Walking the heart home

For the past 25 years, Terry de Vries has dreamed of building a wellness retreat and healing centre. Kamala House Karoo Retreat in Barrydale is that dream fulfilled, writes BIANCA DU PLESSIS.

Terry de Vries in the labyrinth at Kamala House .

ONE COULD SAY that the bones were cast for young Terry. As a daughter of the erstwhile rector of Stellenbosch University, Mike de Vries, and maternal granddaughter of a chairman of the board of Naspers, Phillip Weber, an illustrious career in journalism was almost a fait accompli. She was well on her way, juggling the management of Die Burger’s Stellenbosch office and parenting her young son when, in 1994, a particularly gruesome case prompted a hard rethink.

The brutal killing of a family in Die Boord, a family-friendly neighbourhood in Stellenbosch, meant Terry’s reporting was splashed on the front page of every Afrikaans daily. “As a journalist, it’s wonderful for your ego to have your byline on the front page every day, but submerging oneself so totally in the horror and pain of others made me question who I was and what I was doing for a living,” she recalls. She’d sunk into a deep depression following her divorce and was struggling to find meaning in her life. There had to be more than school, study, work, marriage and children.

The deck at Kamal House overlooks the medicinal and food garden.

Terry resigned and spent two years lecturing at Stellenbosch University’s Department of Journalism before she decided it was time to break away. Far away. She and her son Josua (then five) toured the USA in a combi for 10 months, with friends joining them at times. Although she’d done a course in reflexology while working as a reporter at Beeld newspaper in Johannesburg, followed by courses in reiki and aromatherapy in the Cape, her spiritual journey started in earnest on the highways and byways of America. Terry did a course with Chris Griscom of The Light Institute in the Bahamas and studied to be a yoga teacher at the Omega Institute for Holistic Studies in New York State.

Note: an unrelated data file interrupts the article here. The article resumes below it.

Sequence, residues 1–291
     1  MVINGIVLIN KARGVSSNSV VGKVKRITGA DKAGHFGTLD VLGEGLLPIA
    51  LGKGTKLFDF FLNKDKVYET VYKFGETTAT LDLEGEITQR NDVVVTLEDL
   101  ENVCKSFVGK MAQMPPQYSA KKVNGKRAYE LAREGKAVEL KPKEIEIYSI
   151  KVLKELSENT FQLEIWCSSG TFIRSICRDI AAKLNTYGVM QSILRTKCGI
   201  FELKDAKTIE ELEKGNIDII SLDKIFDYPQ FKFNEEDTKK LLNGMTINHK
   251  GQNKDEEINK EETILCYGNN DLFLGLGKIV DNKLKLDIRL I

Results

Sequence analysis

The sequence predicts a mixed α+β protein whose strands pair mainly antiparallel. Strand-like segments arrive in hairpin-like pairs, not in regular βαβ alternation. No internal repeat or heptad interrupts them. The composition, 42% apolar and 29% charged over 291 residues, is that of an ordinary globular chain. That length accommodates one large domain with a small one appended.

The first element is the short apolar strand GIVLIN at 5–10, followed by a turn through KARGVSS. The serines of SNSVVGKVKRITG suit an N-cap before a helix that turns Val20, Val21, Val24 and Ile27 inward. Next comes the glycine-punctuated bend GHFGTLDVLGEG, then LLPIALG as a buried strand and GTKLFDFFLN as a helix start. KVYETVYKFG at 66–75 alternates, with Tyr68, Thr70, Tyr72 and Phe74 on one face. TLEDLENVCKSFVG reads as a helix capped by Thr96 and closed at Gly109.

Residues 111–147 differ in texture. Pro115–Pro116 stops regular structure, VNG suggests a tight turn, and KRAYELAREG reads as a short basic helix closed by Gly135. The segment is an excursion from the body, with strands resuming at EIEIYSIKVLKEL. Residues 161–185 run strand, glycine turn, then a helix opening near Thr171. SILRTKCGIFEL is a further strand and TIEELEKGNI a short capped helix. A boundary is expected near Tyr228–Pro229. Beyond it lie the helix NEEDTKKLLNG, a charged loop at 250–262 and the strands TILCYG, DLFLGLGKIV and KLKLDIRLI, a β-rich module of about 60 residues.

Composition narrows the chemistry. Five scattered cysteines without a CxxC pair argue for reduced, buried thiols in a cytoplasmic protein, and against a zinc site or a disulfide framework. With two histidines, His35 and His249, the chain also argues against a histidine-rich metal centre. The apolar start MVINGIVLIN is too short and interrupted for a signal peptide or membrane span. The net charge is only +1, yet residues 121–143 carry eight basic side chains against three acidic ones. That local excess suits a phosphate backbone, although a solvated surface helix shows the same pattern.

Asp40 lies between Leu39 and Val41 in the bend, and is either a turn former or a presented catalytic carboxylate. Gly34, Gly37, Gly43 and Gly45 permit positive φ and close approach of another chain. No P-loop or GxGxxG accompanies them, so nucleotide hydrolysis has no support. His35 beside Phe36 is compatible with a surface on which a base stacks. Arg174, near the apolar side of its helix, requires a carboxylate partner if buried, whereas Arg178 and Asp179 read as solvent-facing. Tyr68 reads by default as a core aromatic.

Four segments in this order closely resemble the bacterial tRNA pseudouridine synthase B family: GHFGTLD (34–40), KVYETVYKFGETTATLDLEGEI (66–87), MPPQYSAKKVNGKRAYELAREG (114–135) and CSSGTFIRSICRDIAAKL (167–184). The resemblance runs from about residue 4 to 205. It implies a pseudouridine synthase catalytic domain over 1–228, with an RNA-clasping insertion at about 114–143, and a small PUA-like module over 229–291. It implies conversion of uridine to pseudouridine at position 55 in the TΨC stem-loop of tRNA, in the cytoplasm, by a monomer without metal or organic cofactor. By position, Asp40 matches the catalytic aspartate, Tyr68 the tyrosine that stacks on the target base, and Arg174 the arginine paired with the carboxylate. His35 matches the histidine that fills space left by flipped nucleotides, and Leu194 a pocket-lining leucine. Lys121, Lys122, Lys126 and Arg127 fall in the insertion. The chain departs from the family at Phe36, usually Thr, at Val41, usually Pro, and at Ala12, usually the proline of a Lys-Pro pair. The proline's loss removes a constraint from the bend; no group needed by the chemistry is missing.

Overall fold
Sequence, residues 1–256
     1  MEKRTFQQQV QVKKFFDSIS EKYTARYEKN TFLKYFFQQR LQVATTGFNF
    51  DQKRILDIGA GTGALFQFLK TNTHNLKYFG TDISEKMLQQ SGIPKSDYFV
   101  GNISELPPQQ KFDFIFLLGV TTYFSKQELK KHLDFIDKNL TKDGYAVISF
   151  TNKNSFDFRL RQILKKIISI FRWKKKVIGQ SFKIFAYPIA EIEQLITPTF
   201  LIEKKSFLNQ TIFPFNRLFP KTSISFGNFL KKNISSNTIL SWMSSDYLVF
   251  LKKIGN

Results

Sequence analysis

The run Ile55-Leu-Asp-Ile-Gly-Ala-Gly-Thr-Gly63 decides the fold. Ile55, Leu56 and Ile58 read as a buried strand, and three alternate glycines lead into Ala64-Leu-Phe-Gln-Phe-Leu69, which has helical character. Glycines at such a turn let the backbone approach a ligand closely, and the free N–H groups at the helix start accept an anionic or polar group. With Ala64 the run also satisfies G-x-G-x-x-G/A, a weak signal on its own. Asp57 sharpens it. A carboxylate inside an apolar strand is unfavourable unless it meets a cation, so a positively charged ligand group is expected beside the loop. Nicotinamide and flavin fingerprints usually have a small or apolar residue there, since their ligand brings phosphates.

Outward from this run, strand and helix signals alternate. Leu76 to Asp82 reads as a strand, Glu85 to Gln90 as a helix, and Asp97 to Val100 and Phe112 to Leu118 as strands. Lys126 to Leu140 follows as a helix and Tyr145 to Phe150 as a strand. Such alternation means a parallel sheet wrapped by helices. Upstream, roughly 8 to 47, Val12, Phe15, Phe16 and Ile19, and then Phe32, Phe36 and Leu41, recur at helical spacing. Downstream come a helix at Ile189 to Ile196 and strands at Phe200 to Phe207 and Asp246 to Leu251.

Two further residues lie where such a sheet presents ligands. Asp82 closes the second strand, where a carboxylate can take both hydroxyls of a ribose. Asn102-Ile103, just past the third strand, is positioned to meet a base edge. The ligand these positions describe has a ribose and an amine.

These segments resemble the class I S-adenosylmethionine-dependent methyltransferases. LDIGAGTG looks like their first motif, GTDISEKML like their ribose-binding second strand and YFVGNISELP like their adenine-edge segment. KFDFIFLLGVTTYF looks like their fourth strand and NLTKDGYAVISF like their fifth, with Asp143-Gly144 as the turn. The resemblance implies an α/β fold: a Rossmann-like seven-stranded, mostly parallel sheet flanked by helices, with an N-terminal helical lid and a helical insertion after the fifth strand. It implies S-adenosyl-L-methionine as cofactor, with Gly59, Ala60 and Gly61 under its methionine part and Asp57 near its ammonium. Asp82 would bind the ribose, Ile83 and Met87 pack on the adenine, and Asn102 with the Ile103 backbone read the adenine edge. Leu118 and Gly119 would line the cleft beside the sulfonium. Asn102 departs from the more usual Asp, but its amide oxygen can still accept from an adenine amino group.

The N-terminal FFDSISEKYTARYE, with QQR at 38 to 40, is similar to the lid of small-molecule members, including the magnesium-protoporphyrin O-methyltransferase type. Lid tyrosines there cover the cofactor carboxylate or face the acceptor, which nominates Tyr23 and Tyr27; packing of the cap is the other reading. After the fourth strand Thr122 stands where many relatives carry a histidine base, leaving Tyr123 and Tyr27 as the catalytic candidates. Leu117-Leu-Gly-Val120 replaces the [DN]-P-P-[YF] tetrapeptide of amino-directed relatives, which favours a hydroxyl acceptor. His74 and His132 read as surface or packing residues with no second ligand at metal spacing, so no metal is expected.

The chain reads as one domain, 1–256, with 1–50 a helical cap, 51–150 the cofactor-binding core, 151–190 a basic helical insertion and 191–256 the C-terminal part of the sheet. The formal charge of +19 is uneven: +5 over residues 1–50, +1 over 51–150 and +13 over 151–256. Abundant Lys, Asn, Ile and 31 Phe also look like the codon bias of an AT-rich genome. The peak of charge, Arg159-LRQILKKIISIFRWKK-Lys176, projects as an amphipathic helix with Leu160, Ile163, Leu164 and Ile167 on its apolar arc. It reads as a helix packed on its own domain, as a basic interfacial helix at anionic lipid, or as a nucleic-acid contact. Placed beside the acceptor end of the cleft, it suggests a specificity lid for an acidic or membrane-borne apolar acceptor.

Even as a child, she looked at the world through spiritual eyes. “My first ‘spiritual realisation’ happened when I was about two and a half years old. Our family used to holiday at Rainbow Valley on the Gonubie River close to East London. One day, the rest of the family went on an outing while my gran stayed at home to watch over me. To keep me from running down the porch stairs, she stacked a table and chairs across the entrance.

“I’ve always hated feeling boxed in. I have a visceral memory of sinking to my knees and gliding through the obstacles like a snake. I ran down to the river. Sunlight slanted through the trees, sparkling on the Coca Cola-coloured water. I saw a lizard on a rock on the opposite river bank. We looked each other in the eye and suddenly I felt that time didn’t exist and that I was part of everything and all of this – the sunlight, the water, the lizard – was part of me. It was an out-of-body experience. It was also the first time I saw the divine in all of creation,” Terry recalls.

Although this was a few decades after Albert Einstein first declared that matter and energy are intimately related and that time is an illusion, it was an unusual insight for a small child in 1960s’ South Africa to come to. “I’ve always been intrigued by energy and science. As a young girl I could see colour fields around people. I thought it was normal and only later realised that I was seeing auras – electromagnetic fields – around them. I studied for a BSc degree straight out of school and did Honours in journalism afterwards, which catapulted me on a different path,” she says.

The deck overlooks the garden with slanted sunlight on the slate circles.